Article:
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The play: Marwin Gonzalez takes a large risk on Billy Hamilton’s liner but comes away with a big reward

MINNEAPOLIS — One would have thought Marwin Gonzalez would have weighed the risks and rewards long before deciding to dive for the liner off the bat of Billy Hamilton.

The Royals center fielder gives Byron Buxton a run for being the fastest player in baseball — Twins manager Rocco Baldelli called Hamilton “maybe the fastest player to play baseball in the last 20 years” — and with the Twins holding a 5-4 lead and no one out in the top of the ninth inning Saturday night at Target Field, it was a major risk when Gonzalez decided he would try to rob Hamilton of a hit.

If Gonzalez guessed wrong, the ball would have been in the right field corner and Hamilton probably would have scored before center fielder Max Kepler could have gotten the ball back into the infield. So Marwin, how much thought did you give to who the hitter was before making this key catch?

“I didn’t think about it,” Gonzalez said. “If I would have (thought about it), I would have probably waited and then caught it on one hop and thrown to second. If I would have missed the ball, he was going to score. It’s a risky play. … When I dived, I knew I had a big chance to catch it and that’s the reason why I (did) that.”

The fact Gonzalez made the play helped Taylor Rogers pitch a 1-2-3 ninth inning to earn his eighth save — one off Blake Parker’s team-leading nine — and gave the Twins a 5-4 victory before a capacity crowd of 39,267 on the night the Twins retired Joe Mauer’s No. 7.

So what was manager Rocco Baldelli thinking as Gonzalez stretched out for Hamilton’s smash?

“Obviously, it’s an extraordinarily important play in the game and it takes a — I don’t know, it’s pretty gutsy,” he said. “You can say a lot of different things about it, but so if he goes after the ball and it gets by him, it’s a tough situation for us obviously. Maybe the fastest player to play baseball in the last 20 years is running around the bases and there’s not much we can do about it at that point.

“If he lets it fall in front of him, that guy being out on the base paths is not a great outcome for us either and he made a decision and he made a great play. I mean that’s a tremendous instinctual play. That is a very difficult play for a lot of different reasons. At some point, you just have to make a decision and go for it and he did and he made a great athletic play.”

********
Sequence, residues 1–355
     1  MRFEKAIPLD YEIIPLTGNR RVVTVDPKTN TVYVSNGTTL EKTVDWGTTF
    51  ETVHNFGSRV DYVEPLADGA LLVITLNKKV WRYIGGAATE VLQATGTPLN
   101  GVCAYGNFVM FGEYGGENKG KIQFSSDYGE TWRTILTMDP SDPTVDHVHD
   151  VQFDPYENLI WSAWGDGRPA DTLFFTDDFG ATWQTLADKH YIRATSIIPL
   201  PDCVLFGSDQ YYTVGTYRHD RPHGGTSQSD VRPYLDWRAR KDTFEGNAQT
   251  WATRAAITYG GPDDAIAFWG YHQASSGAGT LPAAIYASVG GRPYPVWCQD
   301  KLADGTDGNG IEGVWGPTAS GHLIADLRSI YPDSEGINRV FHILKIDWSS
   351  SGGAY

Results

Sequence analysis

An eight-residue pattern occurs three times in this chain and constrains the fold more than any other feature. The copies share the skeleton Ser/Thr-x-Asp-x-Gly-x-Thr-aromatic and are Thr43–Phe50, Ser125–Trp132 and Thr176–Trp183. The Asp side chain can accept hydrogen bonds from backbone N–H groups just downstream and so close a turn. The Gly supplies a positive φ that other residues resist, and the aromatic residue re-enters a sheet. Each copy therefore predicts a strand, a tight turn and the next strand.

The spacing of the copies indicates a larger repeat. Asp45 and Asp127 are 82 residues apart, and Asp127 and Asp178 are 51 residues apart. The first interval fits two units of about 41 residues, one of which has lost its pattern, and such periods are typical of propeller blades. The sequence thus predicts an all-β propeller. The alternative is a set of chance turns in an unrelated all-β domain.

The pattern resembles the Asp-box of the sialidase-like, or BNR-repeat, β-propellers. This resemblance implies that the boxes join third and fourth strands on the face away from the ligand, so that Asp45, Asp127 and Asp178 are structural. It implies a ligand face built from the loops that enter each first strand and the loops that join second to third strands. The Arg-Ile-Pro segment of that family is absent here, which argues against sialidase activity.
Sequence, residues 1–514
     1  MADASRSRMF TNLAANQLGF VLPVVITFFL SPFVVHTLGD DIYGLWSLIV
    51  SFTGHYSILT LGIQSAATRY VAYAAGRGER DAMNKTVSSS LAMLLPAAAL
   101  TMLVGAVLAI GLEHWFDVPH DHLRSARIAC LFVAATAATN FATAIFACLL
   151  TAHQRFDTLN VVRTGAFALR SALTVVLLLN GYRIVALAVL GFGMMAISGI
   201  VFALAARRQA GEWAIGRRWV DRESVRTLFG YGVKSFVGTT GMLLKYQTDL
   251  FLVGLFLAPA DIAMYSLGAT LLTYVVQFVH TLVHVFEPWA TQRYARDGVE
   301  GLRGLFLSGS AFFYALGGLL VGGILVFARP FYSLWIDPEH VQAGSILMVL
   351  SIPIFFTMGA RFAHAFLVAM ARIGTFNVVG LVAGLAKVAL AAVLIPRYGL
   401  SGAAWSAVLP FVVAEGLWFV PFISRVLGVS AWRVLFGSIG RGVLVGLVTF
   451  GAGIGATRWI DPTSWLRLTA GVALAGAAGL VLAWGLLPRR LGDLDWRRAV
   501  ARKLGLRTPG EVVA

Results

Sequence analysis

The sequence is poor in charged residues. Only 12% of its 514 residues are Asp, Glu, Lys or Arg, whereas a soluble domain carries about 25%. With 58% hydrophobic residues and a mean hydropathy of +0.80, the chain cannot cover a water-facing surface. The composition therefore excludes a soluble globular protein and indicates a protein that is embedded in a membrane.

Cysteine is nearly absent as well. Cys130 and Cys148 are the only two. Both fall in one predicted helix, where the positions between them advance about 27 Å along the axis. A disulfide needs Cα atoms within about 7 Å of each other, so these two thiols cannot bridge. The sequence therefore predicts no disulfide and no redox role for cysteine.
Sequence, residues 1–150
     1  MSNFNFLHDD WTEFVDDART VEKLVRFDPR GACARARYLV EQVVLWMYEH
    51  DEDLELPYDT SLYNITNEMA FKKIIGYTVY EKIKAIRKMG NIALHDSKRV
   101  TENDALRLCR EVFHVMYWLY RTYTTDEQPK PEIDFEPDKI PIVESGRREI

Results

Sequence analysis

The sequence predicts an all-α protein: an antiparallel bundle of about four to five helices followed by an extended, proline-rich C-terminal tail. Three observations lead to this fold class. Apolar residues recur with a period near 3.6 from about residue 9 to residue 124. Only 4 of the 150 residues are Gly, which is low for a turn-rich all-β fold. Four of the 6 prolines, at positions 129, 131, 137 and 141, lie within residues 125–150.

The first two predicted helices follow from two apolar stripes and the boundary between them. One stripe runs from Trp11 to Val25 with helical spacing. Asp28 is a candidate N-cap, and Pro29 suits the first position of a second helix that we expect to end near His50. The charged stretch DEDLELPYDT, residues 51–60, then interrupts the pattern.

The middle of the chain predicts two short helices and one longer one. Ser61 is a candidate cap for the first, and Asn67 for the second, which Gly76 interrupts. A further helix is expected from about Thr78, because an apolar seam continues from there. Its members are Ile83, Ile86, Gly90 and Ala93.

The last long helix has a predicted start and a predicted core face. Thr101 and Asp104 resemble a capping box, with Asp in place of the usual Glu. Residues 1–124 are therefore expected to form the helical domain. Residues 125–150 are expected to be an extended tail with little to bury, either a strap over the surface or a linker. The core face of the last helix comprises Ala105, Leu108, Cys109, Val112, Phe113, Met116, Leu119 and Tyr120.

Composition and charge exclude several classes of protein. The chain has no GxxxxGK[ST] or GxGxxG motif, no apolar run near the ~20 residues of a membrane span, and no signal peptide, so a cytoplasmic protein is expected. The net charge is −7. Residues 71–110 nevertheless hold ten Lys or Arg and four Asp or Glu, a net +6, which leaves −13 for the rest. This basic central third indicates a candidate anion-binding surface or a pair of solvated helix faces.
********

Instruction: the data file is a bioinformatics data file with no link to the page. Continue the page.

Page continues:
Gonzalez has played nearly every position for the Twins this season, but right field remains new to him. While he did see time in right in the past, he had never started a game at that spot in his eight years in the big leagues until this year.

“I’m still learning about right field,” he said. “(On the Hamilton play), I was looking up to get a good jump and I made the play. I think it was all about the first step during that play.”

It was an interesting night for Gonzalez, who signed a two-year, $21 million contract with the Twins in February. He was charged with an error in the second inning when he failed to catch Martin Maldonado’s pop up. In the fifth inning, Gonzalez followed Mitch Garver’s single with a home run to right field (his ninth of the season) to bring the Twins within a run of the Royals. Jorge Polanco’s double later in the inning plated Ehire Adrianza to tie the score.

“I was trying to hit the ball to the middle but I got ahead in the count,” Gonzalez said of his approach on the home run off Royals starter Glenn Sparkman. “I was aggressive on that pitch and then hit it out.”

Starter Jake Odorizzi, who earned his 10th win of the season despite having his ERA go from an AL-leading 1.92 to 2.24, was thankful to see Gonzalez flash both his muscle at the plate and the leather in right field.

“I just want to say I think Marwin played a hell of a game tonight,” Odorizzi said. “The home run got us going. He made the great play on Billy Hamilton. He really kind of changed the game. If he misses that ball, it could be a whole different game. So I think today was his day.”

Rogers agreed. “I was thinking that whoever put Marwin in that position was a genius,” he said. “Because he was obviously playing in and kind of over. So yeah, that was great.”

The reason Gonzalez was in right and Kepler was in center was because Buxton sat out after suffering a bruised right wrist on Friday when he was hit by a pitch. It’s not known if Buxton will be back on Saturday, or if Gonzalez will return to right field.

With the way things are going for the Twins this season — their 47-22 record is the best in baseball and puts them 11 games ahead of Cleveland in the AL Central — odds are whatever Baldelli decides to do it will work.





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